NASCAR Vs. IndyCar – the Great Debate

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Josh Flagner:  Arguing has been our reputation at More Than a Fan since our very first day. In our first full month last year, we wrote that the Indians needed to get rid of Grady Sizemore and Fausto Carmona, that the Dallas Mavericks championship changed the all-time greatest player list, and that the Miami Heat invaded Cleveland again – this time for Norris Cole.

We’ve been through some changes at More Than a Fan since that first month, but one thing has been constant; we love to debate our opinions. A couple of weeks ago, I got an interesting message from a friend of mine, Damien. Damien is a big Indy Car fan, and coming off of the Indy 500, he wanted to get into a healthy conversation with MTAF Co-Founder Ryan Isley. We all know Ryan’s credentials as a sports fan and columnist, so here, in Damien’s own words, are his, “I have been to at least eight Indianapolis 500s, two Mid-Ohio Indy 200s, four Grand Prix of Cleveland, one NASCAR race at Talledaga, several at Michigan, and one at Pocono.  I’m not an expert at either series, just a fan of real racing (open wheel) vs taxi cab racing (NASCAR).”

Taxi cab racing, huh? I looks like Damien is going to fit right in here at More Than a Fan anytime he decides to come around. So, without further ado, I present you our combatants, our very own Skip Bayless and Stephen A. Smith, if you will. Ryan and Damien, NASCAR and IndyCar, let’s do this.

 

@DamienBowman A.K.A. Skip Bayless
@Isley23 A.K.A. Stephen A. Smith

Question 1: Now that both the NASCAR and Indy Car 2012 seasons are in full swing, and both series have raced their marquee events – Daytona 500 and Indy 500 – which of these two popular racing circuits treats its fans to a better tradition? And/or which of the circuits is living up to that tradition currently?

Damien: Unfortunately the only real tradition in IndyCar at the moment is the Indianapolis 500. The series is in a struggle to make a return to where it was before the series split back in the early 90’s.

That said, NASCAR needs to find its way back to tradition. The series is watered down with too many races and races that are too long in length. NASCAR is losing its traditional fans because of “quirks” like The Chase, green-white-checkered finishes and the perception that it wants and needs its most popular drivers to win when they can’t. The most obvious example is Dale Earnhardt, Jr. If his last name weren’t Earnhardt he’d probably just be a team owner like another also ran, Michael Waltrip.

IndyCar tradition is the Indianapolis 500, and if you’ve never been then you haven’t experienced what tradition is. It offers nearly the same, and greatest, pre-race festivities year in and year out. “Taps”, The Purdue “All-American” Marching Band, Florence Henderson (“God Bless America”/”America the Beautiful”), Jim Nabors (“Back Home Again in Indiana”) and “Gentleman, Start Your Engines” (believed to be coined at IMS). As Jeff Gluck of SBNation recently wrote…There’s a lot to be said for tradition.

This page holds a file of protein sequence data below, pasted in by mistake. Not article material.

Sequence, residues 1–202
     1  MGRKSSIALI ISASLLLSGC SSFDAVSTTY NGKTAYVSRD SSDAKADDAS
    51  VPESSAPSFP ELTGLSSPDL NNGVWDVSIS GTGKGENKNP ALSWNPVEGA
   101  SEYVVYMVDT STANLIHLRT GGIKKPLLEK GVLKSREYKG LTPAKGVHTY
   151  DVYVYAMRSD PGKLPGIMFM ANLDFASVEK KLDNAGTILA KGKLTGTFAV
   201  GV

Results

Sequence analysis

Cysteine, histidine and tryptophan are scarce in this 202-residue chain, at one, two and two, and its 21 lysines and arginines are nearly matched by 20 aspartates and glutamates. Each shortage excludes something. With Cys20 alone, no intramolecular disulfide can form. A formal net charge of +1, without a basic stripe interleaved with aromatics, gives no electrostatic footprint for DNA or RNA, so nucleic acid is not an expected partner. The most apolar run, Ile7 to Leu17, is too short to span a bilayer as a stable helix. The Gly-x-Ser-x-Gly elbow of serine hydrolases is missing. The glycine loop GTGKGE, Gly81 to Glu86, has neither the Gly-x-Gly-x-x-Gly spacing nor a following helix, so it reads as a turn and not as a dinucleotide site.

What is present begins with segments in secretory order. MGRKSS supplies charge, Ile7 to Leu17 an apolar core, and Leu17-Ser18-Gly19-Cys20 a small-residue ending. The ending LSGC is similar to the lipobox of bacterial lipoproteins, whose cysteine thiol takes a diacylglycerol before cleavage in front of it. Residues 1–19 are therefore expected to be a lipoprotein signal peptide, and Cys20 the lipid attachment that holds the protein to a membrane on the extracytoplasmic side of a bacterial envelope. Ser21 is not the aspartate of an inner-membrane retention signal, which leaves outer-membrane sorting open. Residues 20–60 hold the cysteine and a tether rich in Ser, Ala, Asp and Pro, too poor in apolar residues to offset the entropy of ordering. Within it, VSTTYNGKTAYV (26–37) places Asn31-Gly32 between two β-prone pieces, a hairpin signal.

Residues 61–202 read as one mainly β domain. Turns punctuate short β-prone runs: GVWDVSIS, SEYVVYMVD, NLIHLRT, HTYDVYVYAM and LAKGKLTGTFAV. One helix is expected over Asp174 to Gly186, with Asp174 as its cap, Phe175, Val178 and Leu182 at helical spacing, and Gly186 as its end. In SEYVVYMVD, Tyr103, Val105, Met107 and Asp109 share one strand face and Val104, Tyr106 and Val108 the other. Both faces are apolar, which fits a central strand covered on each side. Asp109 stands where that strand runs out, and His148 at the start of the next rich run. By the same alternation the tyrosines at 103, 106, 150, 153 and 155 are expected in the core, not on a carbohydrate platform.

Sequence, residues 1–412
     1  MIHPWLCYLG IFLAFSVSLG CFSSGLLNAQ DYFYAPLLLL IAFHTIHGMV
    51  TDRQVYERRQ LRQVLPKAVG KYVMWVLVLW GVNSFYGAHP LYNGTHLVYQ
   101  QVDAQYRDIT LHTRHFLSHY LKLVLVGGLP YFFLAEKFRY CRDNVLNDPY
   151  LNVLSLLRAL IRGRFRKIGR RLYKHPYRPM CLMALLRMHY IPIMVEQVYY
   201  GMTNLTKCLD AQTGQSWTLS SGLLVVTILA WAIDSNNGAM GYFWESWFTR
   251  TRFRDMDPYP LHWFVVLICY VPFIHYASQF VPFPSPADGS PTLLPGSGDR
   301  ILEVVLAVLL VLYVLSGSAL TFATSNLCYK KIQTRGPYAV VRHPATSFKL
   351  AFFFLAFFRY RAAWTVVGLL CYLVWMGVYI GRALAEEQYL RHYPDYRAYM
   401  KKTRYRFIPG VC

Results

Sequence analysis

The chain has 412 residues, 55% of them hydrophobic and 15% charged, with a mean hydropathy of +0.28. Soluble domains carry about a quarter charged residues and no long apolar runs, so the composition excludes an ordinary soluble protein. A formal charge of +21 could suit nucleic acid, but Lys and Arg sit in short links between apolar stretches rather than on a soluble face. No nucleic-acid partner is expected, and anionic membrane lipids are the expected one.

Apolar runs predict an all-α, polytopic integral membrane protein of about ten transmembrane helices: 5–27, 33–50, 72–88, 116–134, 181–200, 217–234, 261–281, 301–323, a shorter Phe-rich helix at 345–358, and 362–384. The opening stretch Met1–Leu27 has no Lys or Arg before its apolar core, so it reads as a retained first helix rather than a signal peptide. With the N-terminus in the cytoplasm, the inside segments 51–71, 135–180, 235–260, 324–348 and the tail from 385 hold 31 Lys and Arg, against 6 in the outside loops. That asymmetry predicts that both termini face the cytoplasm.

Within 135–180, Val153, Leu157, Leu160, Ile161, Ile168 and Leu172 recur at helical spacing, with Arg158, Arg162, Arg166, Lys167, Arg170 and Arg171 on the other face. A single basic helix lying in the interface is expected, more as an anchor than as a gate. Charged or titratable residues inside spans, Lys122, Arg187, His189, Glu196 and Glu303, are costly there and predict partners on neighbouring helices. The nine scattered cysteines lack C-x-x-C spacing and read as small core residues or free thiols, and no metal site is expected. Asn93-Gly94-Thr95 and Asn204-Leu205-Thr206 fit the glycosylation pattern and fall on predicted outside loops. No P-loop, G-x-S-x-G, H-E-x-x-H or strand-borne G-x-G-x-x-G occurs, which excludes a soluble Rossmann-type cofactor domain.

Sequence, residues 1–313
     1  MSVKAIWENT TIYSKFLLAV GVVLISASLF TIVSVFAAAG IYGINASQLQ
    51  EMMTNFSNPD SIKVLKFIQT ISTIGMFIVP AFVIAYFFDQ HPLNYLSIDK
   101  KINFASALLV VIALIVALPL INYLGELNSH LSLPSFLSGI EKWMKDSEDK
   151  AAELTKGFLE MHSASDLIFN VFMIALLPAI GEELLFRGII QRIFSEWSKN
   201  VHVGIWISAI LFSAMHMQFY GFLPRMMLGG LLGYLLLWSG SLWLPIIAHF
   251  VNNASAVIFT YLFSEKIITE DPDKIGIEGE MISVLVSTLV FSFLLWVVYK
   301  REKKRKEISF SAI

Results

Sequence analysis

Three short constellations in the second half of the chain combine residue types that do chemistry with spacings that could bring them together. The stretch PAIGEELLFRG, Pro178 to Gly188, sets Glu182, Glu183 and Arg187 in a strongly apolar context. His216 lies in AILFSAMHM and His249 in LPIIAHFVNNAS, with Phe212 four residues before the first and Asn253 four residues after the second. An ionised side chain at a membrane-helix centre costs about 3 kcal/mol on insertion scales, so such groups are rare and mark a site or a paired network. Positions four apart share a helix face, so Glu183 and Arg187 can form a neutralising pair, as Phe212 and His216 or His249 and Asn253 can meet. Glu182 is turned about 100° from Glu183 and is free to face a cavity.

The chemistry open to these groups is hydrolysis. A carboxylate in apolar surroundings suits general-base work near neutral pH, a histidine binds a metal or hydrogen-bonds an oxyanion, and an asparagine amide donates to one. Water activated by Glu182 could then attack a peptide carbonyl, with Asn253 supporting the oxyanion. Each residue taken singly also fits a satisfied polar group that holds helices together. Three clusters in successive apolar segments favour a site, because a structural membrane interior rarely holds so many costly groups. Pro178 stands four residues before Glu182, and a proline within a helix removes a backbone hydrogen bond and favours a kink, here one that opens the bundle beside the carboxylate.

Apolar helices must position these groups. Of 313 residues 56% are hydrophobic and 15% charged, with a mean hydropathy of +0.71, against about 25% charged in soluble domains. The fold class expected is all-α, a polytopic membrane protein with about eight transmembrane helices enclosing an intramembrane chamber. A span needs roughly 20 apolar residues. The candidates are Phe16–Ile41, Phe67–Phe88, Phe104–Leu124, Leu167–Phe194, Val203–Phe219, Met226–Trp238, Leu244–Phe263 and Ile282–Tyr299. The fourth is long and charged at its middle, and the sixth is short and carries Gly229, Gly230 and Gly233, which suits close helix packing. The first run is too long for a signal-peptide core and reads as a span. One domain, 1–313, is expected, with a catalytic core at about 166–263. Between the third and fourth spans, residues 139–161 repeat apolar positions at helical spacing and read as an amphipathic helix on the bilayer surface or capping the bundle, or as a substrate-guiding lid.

Ryan: I tend to agree with Damien on the only tradition that IndyCar has going for it right now in the Indianapolis 500. It is the only race that most Americans will watch and is the one that IndyCar puts its greatest effort behind. They take up an entire month for it, after all.

I will also agree with Damien that the fan experience at the Indianapolis 500 is a one-of-a-kind tradition, even for someone who has never gone to the race. I have always watched the race on television and look forward to all of the things Damien mentioned.

The Daytona 500 is a fantastic experience – one I once called “Redneck Mardi Gras” – but there just isn’t the tradition of an Indianapolis 500. There is a different schedule of events each year, there is no song that makes you think Daytona 500 like “Back Home Again in Indiana” makes you think Indianapolis 500, and the celebrities who are performing during the festivities are different each year.

Unfortunately for IndyCar, the pomp and circumstance of the Indianapolis 500 is only a one-time deal and the series seems to be stuck on making old traditions stick and not change with the times.

And while Damien is absolutely right that NASCAR has lost some of their traditions because of things like The Chase and green-white-checkered finishes, the key is to make sure you create new traditions with the times. That is where NASCAR has raised the bar on IndyCar and the open-wheel series is getting beat on a week-to-week basis by the stock car series.

The Daytona 500 may be the most famous race in NASCAR, but the powers that be in the series understand that they need to offer a great fan experience for all 36 races on their schedule. The one thing that NASCAR has going for it is their continual effort to reach out to their fans and make themselves what I consider the most fan-friendly sports league at the moment.

To me, it seems that NASCAR and their drivers have embraced social media to a completely different level than IndyCar has, which makes them more fan accessible. It is just one of those things where NASCAR has evolved, something that most people would have never thought possible.